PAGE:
Tran Ensures the Flow & Safety of Anadarko’s Wells
Samantha Tran, who has bachelor’s degrees in both petroleum engineering and supply chain, first became interested in a career in the energy industry through a friend - a petroleum engineering student.
“[That friend] encouraged me to learn more about the oil and natural gas industry,” Tran shares.
So she did, and interned as a field engineer, then with Anadarko as a reservoir engineer. “My Anadarko internship gave me a broad sense of our overall operations, including reservoir engineering, completions and production,” she details.
Both experiences gave Tran a “well-rounded perspective” that helps her in her current role as a field production engineer at Anadarko, based out of the company’s Platteville, CO office. Headquartered in The Woodlands, TX, the company is one of the world’s largest independent explorers and producers of oil and natural gas.
As a full-time employee, Tran joined Anadarko’s workover team, which, she says, “focuses mainly on retiring wells and safety-prepping Anadarko’s vintage vertical wells for nearby horizontal development.”
The experience she gained in that position “was a critical building block” that enabled her to grow into her current role as a field production engineer for Anadarko’s new horizontal well development.
“Once the wells are hydraulically fractured, they’re handed over to my team to ensure they’re moving toward a steady, productive state, which includes everything from managing the flow rate to overall safety,” she explains.
Tran cites the supervisors and peers who’ve been resources from whom she could learn. She’s been able to rely on this support system since her days as an intern.
“I enjoy being challenged and developing new skills, and appreciate how Anadarko’s supervisors ensure you’re continuously developing, and they encourage me so I can be successful in various positions, as long as I’m willing to put in the effort.”
Tran is active in Anadarko’s Advocate & Ambassador program, where employees are encouraged to engage in conversations about the oil and natural gas industry with friends, legislators, community leaders and others to educate them about the industry. Program members often give presentations to civic and government groups about the basics of the oil and gas industry, and how it works.
She’s also involved with several charities with which Anadarko partners, including United Way, Junior Achievement and Habitat for Humanity.
Log onto anadarko.com for more information about the company, and anadarko.com/careers to learn about open positions. Connect on Facebook, Instagram, YouTube and LinkedIn.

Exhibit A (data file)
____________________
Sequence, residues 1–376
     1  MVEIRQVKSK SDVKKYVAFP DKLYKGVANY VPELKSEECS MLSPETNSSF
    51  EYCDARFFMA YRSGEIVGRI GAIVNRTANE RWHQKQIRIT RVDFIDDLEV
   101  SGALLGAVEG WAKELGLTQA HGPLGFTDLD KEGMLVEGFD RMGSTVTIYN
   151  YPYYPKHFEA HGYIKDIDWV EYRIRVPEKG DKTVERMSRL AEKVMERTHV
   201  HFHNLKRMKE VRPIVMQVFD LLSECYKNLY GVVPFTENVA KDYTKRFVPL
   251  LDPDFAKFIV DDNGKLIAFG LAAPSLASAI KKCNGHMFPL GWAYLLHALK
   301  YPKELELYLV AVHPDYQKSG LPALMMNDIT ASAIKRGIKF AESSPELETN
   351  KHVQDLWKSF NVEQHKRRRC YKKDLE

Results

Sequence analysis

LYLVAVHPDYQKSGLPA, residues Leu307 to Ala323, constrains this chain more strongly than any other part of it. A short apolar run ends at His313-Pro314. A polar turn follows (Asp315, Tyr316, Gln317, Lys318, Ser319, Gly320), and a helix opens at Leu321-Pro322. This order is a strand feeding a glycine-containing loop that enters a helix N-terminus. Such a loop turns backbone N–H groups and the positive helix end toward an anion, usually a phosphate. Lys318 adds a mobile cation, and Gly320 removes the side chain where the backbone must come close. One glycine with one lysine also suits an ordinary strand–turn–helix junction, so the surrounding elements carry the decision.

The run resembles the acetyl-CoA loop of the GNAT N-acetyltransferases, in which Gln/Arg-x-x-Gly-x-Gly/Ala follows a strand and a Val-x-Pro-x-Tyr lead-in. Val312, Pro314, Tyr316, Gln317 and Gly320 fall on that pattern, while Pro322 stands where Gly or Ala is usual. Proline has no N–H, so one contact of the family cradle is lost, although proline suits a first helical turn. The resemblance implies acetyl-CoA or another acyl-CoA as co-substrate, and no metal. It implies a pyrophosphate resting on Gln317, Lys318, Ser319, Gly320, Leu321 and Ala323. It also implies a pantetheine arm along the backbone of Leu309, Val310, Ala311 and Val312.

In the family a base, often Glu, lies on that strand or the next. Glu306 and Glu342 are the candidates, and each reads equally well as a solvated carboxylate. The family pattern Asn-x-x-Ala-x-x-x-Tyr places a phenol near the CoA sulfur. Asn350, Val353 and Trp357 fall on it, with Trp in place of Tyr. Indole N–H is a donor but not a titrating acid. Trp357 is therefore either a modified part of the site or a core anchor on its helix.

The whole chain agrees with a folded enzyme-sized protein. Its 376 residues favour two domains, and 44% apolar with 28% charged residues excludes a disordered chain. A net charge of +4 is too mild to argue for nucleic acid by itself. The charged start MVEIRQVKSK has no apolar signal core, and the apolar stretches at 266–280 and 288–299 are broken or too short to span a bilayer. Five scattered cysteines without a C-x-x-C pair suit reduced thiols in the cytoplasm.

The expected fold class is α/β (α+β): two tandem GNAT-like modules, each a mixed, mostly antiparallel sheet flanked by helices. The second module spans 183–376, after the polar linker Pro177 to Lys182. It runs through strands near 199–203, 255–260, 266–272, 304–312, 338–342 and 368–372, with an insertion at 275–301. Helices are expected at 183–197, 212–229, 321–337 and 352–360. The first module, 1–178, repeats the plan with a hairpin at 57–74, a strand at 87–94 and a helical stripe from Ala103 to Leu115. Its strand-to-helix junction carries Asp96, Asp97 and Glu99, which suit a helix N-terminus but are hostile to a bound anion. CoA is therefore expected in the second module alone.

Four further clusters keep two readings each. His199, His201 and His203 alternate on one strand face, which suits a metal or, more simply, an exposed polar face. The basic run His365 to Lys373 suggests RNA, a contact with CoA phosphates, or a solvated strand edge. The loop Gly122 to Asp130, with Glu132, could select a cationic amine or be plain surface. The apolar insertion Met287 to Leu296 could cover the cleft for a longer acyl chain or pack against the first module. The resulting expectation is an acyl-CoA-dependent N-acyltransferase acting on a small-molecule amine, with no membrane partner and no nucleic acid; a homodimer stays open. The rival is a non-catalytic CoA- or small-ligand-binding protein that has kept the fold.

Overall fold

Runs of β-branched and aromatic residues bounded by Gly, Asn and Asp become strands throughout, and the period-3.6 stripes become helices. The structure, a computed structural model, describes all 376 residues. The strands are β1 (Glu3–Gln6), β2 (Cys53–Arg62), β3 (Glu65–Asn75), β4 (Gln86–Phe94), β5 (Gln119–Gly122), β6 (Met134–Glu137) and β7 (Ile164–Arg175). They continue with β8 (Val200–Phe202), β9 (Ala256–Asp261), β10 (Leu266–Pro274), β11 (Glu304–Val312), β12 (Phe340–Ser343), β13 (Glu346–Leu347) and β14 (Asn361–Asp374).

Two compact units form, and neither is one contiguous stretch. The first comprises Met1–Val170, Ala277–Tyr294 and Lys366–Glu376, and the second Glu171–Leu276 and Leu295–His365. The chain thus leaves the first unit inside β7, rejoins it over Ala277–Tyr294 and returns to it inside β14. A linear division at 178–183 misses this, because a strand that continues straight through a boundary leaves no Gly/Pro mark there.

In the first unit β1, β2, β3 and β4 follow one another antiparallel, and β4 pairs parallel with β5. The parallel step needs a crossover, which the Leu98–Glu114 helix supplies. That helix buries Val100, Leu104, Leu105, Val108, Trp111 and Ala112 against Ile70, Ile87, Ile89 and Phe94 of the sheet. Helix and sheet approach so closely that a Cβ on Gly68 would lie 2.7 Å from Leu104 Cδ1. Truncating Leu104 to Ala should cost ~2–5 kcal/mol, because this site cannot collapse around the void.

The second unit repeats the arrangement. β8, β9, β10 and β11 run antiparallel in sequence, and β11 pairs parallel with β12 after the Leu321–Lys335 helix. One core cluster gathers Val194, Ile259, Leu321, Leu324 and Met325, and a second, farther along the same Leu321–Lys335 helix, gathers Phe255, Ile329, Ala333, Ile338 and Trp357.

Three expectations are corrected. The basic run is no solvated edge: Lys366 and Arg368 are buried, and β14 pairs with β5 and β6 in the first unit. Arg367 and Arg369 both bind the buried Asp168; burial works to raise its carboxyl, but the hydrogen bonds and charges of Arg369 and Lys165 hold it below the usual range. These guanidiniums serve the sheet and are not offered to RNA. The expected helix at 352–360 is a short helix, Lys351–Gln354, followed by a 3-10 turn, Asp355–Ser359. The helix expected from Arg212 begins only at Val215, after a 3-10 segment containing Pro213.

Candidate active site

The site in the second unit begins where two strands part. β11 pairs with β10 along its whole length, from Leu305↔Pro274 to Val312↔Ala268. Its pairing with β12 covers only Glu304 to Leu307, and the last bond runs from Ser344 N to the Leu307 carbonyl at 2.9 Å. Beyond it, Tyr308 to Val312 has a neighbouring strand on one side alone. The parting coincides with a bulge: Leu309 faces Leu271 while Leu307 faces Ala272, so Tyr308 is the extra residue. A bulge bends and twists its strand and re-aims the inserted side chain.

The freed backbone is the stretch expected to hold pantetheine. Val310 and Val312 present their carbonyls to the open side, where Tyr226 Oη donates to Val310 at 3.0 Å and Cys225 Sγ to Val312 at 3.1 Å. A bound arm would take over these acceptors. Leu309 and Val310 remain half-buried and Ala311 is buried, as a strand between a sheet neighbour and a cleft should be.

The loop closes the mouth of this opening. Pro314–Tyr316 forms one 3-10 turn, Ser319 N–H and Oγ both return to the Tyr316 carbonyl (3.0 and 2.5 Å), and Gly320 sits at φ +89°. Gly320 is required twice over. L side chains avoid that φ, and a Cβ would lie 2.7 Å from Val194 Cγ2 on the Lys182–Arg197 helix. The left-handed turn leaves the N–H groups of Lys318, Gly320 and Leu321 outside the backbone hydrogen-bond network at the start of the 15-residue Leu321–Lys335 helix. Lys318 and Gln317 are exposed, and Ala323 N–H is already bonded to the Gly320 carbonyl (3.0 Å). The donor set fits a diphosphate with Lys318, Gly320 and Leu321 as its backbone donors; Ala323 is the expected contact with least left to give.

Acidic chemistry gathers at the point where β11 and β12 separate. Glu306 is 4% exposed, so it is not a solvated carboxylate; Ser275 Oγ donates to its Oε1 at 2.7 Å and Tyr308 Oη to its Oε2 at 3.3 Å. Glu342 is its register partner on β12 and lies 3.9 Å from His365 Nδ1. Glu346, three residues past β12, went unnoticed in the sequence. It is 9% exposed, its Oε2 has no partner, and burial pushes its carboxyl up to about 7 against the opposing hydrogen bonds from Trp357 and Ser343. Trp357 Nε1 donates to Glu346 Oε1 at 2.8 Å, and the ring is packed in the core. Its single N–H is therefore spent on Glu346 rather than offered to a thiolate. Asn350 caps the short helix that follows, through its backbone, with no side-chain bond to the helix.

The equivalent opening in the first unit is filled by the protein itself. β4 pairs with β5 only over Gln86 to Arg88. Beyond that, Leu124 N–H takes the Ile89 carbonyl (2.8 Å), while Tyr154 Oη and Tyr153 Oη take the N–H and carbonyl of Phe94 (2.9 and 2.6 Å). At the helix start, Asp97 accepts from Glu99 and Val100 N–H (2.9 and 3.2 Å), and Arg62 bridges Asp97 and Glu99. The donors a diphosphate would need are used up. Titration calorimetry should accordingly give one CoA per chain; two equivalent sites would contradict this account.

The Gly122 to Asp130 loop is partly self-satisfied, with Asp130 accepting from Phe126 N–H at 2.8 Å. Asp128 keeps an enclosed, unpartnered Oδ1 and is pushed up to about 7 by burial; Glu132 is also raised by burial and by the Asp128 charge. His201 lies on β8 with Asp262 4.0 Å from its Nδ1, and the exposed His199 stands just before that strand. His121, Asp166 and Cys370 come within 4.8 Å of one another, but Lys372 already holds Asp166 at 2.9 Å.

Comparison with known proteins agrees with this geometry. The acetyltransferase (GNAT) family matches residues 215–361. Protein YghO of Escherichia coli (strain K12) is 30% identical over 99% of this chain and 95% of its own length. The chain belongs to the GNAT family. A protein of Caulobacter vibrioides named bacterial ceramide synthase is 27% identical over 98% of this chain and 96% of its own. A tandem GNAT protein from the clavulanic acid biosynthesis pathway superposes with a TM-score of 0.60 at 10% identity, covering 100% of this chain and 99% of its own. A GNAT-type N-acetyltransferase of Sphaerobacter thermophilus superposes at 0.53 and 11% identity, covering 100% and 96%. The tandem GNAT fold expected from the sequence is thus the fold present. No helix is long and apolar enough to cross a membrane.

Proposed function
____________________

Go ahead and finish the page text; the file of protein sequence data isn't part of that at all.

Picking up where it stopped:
Ali’s Keen Green Interest Sparks Her Ascent at First Solar
Mubeen Ali joined First Solar in 2006 as an entry-level development engineering technician. “My job was to assist a research scientist in the development of a new measurement method and with processing solar cells at laboratory level,” she notes.
Since then, Ali, who has a bachelor’s degree in chemical engineering from a university in India, has progressively been given more responsibilities. “I’ve been promoted several times, reaching a full-engineering position in 2009, then becoming a group leader, and then a manager in 2014,” she details.
Ali had relocated to Toledo, OH, after graduation, and posted her resume on several job websites. She was contacted by a recruiter on behalf of First Solar, and then interviewed with First Solar’s research department for the entry-level position, development engineering technician. She knew that First Solar, headquartered in Tempe, AZ, had a significant footprint in a Toledo suburb, and was one of the leaders in the thin film photovoltaic (solar panels) industry.
“Besides having a chance to be involved in the green industry with First Solar, I also had the opportunity for growth and learning in an entrepreneurial environment, which includes research and high-volume manufacturing,” she points out.
Today Ali is a global manufacturing engineering integration manager who’s responsible for leading a global team identifying paths for increasing factory yield and variation reduction in wattage with a focus on risk management, quality, and reliability of product while sustaining and aligning product performance, and globally employing Six Sigma methodologies. Cross-functional alignment and working closely with research, operations, and other manufacturing engineering teams are a significant part of her job, too.